Put your questions to the experts who fuel Ferrari’s F1 cars
By LJ Hutchins
Saturday, June 12th, 2010
Is there something you’ve always been dying to know about how Formula One is fuelled – the rules, science and technology that surround what the world’s most expensive race cars put in their tanks?
Maybe you’re interested in the chemistry of it – the mix of compounds that make the difference between the fastest car on the grid and the slowest cloth-cap driver’s Vauxhall Astra.
Perhaps it’s the logistics – how the stuff is kept pure during transport, how it’s protected from being tampered with, how it’s kept stable enough to be safe in close proximity to a roaring hot engine in the Malaysian or Bahraini heat?
Could be you want to know about the rules – what new challenges have the refuelling ban thrown up for the scientists and the teams?
Or maybe you just want to know if there’s a job going.
Now’s your chance.
Brits on Pole has been given the opportunity to put your questions to the people who design and make the fuel that powers Ferrari’s cars at every single Grand Prix weekend.
As well as its link-up with Ferrari in F1, Shell V-Power has in recent years also worked with Audi at Le Mans, Ducati in Moto GP and World Super Bikes and Richard Childress Racing in NASCAR.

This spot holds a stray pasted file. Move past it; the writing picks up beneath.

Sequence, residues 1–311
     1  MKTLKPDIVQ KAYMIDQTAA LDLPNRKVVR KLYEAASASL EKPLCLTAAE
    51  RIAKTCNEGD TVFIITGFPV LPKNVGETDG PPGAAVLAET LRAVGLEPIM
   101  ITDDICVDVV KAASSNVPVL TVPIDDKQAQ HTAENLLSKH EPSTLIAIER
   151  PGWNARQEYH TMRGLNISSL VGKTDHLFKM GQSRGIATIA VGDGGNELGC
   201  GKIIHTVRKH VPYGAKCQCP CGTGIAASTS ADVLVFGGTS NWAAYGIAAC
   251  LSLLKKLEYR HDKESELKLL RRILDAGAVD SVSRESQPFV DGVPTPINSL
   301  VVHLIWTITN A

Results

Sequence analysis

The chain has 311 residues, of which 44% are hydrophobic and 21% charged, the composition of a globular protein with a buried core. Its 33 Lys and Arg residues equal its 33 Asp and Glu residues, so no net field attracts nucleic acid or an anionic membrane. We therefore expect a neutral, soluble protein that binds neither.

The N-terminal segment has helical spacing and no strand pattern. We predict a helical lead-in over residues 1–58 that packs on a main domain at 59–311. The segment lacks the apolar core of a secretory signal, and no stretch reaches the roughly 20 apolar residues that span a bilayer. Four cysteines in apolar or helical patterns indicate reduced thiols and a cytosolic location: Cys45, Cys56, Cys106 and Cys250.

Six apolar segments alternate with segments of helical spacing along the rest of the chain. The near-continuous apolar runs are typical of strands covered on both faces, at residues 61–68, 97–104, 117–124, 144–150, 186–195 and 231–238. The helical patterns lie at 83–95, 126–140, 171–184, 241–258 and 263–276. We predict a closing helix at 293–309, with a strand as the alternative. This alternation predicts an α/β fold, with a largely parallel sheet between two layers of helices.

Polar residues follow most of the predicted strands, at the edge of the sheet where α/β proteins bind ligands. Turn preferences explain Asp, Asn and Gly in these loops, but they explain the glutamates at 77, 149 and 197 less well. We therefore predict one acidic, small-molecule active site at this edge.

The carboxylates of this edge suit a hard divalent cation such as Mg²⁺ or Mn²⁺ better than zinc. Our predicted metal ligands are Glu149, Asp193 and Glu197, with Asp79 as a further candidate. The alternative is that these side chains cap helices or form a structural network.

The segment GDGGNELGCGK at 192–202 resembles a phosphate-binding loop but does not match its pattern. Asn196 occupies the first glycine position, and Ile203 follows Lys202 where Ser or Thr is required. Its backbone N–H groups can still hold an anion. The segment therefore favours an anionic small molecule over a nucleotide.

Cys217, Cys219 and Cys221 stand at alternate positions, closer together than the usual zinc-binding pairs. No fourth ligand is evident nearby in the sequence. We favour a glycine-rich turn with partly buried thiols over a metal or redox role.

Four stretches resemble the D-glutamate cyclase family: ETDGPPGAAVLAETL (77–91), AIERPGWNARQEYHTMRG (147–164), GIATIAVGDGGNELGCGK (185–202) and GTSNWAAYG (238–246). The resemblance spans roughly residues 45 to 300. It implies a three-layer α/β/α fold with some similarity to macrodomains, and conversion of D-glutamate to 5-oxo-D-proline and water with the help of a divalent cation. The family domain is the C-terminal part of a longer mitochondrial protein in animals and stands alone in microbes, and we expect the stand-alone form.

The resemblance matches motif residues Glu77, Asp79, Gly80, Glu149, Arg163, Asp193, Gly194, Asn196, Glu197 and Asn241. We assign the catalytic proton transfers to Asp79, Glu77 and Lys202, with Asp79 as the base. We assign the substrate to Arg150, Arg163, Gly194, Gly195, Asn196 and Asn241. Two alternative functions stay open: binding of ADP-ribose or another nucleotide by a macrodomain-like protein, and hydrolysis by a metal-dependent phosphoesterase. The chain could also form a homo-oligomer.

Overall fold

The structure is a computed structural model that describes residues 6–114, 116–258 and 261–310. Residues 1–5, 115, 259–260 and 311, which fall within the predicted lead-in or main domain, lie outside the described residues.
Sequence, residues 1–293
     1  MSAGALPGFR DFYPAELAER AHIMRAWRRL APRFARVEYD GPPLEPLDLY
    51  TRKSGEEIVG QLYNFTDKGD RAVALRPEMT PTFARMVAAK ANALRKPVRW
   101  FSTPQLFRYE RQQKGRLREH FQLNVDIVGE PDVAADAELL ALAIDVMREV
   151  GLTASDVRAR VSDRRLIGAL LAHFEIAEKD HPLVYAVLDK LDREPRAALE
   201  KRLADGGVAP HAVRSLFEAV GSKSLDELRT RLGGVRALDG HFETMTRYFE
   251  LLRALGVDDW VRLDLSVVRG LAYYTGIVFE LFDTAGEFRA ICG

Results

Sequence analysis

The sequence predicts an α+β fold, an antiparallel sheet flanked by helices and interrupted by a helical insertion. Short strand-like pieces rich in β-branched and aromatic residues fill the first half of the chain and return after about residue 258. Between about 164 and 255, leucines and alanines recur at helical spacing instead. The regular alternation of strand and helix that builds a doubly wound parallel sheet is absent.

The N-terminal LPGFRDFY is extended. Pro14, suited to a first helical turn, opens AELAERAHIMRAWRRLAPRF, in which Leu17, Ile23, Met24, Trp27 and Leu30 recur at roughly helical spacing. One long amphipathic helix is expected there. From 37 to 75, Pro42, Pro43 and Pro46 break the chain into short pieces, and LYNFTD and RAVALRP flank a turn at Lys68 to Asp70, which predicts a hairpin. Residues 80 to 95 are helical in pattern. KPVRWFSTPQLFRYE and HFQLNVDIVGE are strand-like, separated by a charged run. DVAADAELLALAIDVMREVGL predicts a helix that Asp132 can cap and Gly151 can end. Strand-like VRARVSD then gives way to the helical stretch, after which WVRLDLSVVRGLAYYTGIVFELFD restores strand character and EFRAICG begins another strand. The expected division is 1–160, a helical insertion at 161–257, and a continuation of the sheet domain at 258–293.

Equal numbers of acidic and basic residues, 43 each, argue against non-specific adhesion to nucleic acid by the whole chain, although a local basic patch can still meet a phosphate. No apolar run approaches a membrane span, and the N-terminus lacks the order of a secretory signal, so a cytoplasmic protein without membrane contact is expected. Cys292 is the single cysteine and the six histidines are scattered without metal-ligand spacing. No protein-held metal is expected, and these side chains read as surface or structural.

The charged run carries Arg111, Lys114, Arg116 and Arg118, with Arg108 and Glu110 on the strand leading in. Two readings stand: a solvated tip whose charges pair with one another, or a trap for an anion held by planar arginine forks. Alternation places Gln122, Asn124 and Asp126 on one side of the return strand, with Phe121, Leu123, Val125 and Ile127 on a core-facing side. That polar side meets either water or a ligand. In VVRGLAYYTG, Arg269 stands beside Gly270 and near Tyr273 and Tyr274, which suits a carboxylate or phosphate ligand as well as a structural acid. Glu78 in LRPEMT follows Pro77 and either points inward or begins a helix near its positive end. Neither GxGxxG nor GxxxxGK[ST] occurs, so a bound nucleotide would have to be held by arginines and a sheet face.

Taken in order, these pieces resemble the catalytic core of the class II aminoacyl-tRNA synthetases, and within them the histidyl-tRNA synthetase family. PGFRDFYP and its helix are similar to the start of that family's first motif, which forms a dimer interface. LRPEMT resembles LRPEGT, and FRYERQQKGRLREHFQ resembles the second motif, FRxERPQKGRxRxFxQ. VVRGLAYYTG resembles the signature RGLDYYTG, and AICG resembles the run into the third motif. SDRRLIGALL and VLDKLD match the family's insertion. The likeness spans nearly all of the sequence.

For more than a year now, the company has been working to build up its profile with the F1 fan base and aiming to create a better understanding of its role during race weekends.
As a result, we have able to bring you a behind-the-scenes report on Shell and Ferrari at last year’s British Grand Prix, find out how the refuelling ban has affected fuel manufacturers, and learn a bit about how companies such as Shell approach motorsport from a marketing viewpoint.
Now the company is embarking on a new project – shooting a video on fuel technology that puts the spotlight on how it’s manufactured, how it affects the racing and how work at the racetrack benefits everyday drivers out in the real world.
And it is asking Brits on Pole’s readers to submit their questions, to be put to fuel scientist Jo Smith, Shell’s very own ‘Dr Fuel’. So get your thinking caps on and let’s have some good ones.
The company has promised that as many of your questions as possible will be answered and that we should be able to run the answers on the site.